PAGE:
The Razer Blade Pro and a couple of other systems have conducted similar experiments in moving a laptop touchpad around, but it's a rare choice, and for good reason. Move the touchpad from where your fingers expect it to be, and you'll do nothing but confuse years of muscle memory. On top of that, it's not a great touchpad -- it's narrow, with an aspect ratio that doesn't match the screen, and it doesn't feel especially responsive. This is one of the few laptops where I've automatically gone and plugged in a mouse almost every time I've used it.
There are a few other quirks. The GT83VR requires two huge power bricks, 330 watts each -- which plug into individual wall outlets, then both route into a Y-connector, before a single cable brings the power into the back of the laptop. There are going to be a lot of cables running around behind this system, even before you attempt to hook up a VR headset like the HTC Vive or Oculus Rift.
But if there was ever a laptop that seemed made for virtual reality, this is it. There's more performance overhead here than in most gaming desktops, and our gaming and 3D benchmark results showed this was far more powerful in those areas than any single-GPU laptop, as well as most desktops, and was only topped by a few high-end dual-GPU desktops, which can easily cost as much or more than the GT83VR.
There are plenty of ports for VR hardware, an issue we've run into on a few other systems, now that an Oculus Rift setup with Touch controllers uses two sensors, each requiring a USB connection, plus one for the headset and maybe one for a gamepad. Non-VR games played great as well, including newer games such as Battlefield 1 and Mafia III. The highest details settings ran smoothly in each game we tried, but you lose out on the opportunity to play at higher resolutions -- the 18-inch non-touch display is limited to plain old 1,920x1,080-pixel resolution -- a disappointment in such a high-end, high-price system.
Even talking about battery life in a crazy laptop like this is dangerous. In our standard video playback battery drain test, it ran for just 2 hours, 3 minutes, and that's without playing a game. Try gaming on the go, and you're looking at an hour or less in most cases. Not that this is really intended to be a pick-up-and-go laptop.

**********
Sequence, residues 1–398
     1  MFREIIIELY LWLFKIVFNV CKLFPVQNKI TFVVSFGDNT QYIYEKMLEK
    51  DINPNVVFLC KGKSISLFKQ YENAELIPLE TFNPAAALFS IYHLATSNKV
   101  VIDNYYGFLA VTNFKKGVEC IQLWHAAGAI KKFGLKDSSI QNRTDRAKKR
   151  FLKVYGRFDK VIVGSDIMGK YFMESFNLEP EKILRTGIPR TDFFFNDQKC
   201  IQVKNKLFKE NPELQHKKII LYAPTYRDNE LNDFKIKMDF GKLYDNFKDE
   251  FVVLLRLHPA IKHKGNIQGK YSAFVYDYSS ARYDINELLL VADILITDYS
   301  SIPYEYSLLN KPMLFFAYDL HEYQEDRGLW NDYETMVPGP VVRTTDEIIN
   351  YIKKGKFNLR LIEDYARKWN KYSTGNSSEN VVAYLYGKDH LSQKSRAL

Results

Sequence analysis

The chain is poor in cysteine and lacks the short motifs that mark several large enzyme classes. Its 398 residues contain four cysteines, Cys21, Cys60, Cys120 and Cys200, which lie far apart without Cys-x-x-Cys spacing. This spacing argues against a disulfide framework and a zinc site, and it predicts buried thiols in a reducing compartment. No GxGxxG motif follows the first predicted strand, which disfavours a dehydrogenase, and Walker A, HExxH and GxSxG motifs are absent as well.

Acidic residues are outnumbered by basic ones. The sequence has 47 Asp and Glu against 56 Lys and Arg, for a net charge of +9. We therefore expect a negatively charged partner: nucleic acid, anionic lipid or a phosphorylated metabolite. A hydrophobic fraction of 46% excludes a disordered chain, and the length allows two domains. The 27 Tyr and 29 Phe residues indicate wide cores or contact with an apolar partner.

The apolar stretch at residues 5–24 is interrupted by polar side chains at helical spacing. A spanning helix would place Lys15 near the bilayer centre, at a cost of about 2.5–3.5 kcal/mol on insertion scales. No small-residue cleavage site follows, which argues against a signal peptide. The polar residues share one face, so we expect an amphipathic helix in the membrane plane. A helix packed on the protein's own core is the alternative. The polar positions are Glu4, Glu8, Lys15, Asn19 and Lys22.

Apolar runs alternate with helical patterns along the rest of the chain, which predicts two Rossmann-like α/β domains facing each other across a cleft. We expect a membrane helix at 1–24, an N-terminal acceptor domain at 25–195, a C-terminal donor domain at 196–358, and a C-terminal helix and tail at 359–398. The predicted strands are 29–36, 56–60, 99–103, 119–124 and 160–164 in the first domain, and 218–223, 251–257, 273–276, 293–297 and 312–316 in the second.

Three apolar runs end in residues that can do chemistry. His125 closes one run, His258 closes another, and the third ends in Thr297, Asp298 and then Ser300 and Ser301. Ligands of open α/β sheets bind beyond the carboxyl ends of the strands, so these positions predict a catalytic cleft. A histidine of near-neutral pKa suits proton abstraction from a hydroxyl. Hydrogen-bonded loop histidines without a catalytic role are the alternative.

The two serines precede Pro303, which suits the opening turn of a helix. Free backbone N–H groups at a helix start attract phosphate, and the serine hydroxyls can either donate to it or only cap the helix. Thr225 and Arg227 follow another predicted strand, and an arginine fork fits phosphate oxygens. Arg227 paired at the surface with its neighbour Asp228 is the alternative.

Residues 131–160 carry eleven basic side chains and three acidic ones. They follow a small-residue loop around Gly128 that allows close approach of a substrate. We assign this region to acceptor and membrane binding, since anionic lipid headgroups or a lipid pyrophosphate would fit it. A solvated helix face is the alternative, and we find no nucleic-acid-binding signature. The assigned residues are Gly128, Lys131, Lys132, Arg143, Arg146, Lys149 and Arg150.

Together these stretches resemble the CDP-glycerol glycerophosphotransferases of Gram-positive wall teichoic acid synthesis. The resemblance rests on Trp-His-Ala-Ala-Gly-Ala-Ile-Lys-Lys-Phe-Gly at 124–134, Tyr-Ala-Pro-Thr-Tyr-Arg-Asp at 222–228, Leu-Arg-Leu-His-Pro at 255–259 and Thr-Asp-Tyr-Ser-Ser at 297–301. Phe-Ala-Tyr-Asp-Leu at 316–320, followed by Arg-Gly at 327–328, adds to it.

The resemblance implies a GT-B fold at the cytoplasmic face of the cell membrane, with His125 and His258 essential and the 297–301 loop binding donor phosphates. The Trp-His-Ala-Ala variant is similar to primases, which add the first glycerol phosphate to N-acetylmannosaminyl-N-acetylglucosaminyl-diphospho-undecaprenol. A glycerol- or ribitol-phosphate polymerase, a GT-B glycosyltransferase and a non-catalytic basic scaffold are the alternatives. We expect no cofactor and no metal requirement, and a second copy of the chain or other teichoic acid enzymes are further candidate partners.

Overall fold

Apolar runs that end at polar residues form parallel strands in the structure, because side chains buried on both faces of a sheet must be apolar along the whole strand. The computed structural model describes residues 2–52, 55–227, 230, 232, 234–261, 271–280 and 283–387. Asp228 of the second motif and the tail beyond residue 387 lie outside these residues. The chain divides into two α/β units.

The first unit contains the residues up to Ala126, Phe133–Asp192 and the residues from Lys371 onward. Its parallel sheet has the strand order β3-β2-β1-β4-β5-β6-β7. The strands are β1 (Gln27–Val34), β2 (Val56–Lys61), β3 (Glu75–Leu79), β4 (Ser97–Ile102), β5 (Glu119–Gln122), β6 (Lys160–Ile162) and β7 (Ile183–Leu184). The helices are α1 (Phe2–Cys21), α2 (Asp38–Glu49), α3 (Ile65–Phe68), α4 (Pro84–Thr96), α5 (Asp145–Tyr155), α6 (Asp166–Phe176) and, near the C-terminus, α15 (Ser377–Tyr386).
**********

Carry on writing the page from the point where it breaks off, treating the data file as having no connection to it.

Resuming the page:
There's a good chance the MSI GT83VR isn't for you. Anyone who wants a gaming laptop that's moderately portable, has a better-than-HD or touch-enabled display or a usable touch pad or costs less than a fully loaded new 15-inch MacBook Pro should look elsewhere.
But, if you're going into this with eyes wide open to both the limitations of this laptop and its cool features, from the mechanical keyboard to the dual graphics to the generous ports, it's hard to dislike its ambition. For that very small slice of the gaming PC audience, this is a quirky, unique laptop that I found to be extremely fun to use, which is a high bar for a jaded reviewer like myself.
|MSI GT83||Microsoft Windows 10 Home (64-bit); 2.9GHz Intel Core i7-6920; 32GB DDR4 SDRAM 2,400MHa; (2) 8GB Nvidia GeForce GTX 1080; (2) 512GB SSD RAID 0 + 1TB HDD|
|Origin PC Evo 15-S||Microsoft Windows 10 Home (64-bit); 2.6GHz Intel Core i7-6700HQ; 16GB DDR4 SDRAM 2,400MHz; 6GB Nvidia GeForce GTX 1060; 256GB SSD + 2TB HDD|
|Falcon Northwest FragBox||Microsoft Windows 10 Home (64-bit); (oc) 4.5GHz Intel Core i7-6950X; 64GB DDR4 SDRAM 2,133MHz; (oc) (2) 8GB Nvidia GeForce GTX 1080; 512GB SSD + 6TB HDD|
|HP Omen (17-inch)||Microsoft Windows 10 Home (64-bit); 2.6GHz Intel Core i7-6700HQ; 16GB DDR4 SDRAM 2,400MHz; 8GB Nvidia GeForce GTX 1070; 256GB SSD + 1TB HDD|
|Origin PC Eon-17X||Microsoft Windows 10 Home (64-bit); (oc) 4.5GHz Intel Core i7-6700K; 16GB DDR4 SDRAM 2,666MHz; 8GB Nvidia GeForce GTX 1080; 512GB SSD|
|Apple MacBook Pro with Touch Bar (15-inch, 2016)||Apple macOS Sierra 10.12.1; 2.7GHz Intel Core i7-6820HQ; 16GB DDR3 SDRAM 2,133MHz; 2GB Radeon Pro / 1,536MB Intel HD Graphics 530; 512GB SSD|